The day you teach the child the name of the bird, the child will never see that bird again.– Jiddu Krishnamurti
To me, this quote is misguided.
Our stories obviously color our perception and life, and so also our stories about a bird.
The name of a bird is one story along with a range of other stories.
It’s possible that after knowing the name of a bird, we’ll be satisfied with the label and not bother so much with the bird anymore. But that can happen even if we don’t know the name of the bird. If someone responds that way, they probably would anyway.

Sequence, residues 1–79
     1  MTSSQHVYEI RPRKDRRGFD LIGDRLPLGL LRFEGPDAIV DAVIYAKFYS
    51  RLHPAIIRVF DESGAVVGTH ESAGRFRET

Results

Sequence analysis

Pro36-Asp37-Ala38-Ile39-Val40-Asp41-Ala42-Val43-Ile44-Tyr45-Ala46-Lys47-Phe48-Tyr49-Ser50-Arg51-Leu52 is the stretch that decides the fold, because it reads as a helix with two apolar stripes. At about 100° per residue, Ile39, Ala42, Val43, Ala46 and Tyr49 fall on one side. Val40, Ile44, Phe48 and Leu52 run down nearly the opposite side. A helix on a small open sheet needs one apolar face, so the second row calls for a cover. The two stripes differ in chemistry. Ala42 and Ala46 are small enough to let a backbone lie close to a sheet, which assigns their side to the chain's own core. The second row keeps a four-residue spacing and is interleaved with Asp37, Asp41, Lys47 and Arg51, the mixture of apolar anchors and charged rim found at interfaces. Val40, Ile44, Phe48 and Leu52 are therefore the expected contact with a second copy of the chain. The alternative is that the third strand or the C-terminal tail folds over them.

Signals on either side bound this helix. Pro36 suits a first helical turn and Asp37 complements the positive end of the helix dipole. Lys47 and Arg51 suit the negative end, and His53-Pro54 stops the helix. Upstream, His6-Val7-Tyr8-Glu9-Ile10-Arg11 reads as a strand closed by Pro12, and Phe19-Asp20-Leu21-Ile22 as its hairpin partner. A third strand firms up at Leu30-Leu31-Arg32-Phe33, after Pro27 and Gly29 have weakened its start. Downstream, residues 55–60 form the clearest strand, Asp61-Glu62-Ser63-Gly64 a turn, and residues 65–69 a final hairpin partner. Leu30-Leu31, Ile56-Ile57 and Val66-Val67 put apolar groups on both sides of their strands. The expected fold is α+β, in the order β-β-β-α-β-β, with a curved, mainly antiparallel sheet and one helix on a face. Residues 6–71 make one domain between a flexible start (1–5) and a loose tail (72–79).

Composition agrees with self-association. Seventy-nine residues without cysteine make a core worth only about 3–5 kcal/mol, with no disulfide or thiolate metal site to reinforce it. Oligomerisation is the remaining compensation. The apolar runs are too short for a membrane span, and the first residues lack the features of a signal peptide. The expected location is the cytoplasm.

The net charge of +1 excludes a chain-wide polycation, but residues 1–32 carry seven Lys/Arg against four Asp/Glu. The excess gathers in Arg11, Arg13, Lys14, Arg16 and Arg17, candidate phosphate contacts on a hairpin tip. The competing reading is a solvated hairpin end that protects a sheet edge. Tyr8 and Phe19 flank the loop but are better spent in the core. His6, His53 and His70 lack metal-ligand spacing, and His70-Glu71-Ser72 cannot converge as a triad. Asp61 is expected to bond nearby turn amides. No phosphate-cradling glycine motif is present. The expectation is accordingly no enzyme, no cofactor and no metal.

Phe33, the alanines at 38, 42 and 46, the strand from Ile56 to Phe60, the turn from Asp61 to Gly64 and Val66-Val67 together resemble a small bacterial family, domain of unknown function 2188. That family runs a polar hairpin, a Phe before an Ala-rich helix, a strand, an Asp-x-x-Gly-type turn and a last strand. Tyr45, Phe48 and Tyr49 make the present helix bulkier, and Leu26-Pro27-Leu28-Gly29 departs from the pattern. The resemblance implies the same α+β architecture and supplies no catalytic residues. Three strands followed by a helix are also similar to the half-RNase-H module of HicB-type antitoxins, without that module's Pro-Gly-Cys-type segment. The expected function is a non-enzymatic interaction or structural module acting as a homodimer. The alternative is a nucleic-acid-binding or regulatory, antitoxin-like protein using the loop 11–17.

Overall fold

And it’s also very possible to know the name of a bird, know that it’s just a human-made label to facilitate communication, and be fascinated by the bird. We can be in awe of it, notice a range of small details, get to know its behavior, and so on.
To me, this is an example of what Ken Wilber calls the pre/trans fallacy.
Yes, a baby without language may be fascinated by the bird. It may take it in without the particular filter of stories about the bird. (Although we still operate from a huge amount of other filters from our senses, physiology, evolution, and so on.)
And we can also learn the name and all sorts of other stories about the bird, recognize these as stories and know that reality is always more than and different from our stories, and operate from genuine curiosity, receptivity, and take in our sensory experiences of the bird.
This Krishnamurti quote may not only reflect the pre/trans fallacy, but also a generally cynical view on humanity.